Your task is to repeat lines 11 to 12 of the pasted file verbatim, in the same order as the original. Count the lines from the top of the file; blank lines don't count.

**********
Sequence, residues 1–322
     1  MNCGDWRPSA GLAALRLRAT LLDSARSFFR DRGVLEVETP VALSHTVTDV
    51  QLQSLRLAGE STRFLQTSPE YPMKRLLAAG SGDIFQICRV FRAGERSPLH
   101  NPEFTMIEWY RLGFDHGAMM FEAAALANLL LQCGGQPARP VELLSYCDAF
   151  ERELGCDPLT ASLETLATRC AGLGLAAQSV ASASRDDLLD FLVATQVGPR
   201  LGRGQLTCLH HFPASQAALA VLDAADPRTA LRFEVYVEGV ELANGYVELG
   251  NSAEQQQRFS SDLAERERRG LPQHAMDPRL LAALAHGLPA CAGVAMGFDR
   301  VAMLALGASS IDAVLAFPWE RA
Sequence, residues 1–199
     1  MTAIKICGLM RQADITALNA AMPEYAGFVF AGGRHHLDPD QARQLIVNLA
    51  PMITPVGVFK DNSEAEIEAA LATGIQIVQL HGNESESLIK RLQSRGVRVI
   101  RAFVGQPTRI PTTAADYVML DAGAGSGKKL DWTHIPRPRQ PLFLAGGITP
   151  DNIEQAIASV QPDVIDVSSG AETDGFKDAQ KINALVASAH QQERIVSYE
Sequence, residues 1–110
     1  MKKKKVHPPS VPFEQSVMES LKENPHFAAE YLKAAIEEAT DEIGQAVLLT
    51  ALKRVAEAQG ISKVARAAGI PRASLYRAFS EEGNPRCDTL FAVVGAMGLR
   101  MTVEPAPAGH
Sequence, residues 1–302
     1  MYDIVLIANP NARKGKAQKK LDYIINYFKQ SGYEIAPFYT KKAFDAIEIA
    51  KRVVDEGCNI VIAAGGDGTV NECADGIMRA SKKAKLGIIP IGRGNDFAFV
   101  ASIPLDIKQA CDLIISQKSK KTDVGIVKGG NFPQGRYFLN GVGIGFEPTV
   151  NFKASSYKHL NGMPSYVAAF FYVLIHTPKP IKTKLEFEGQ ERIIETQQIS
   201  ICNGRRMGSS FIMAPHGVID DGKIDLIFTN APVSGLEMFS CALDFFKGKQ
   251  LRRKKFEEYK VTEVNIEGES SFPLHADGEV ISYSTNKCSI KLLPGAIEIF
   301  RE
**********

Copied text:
    51  PMITPVGVFK DNSEAEIEAA LATGIQIVQL HGNESESLIK RLQSRGVRVI
   101  RAFVGQPTRI PTTAADYVML DAGAGSGKKL DWTHIPRPRQ PLFLAGGITP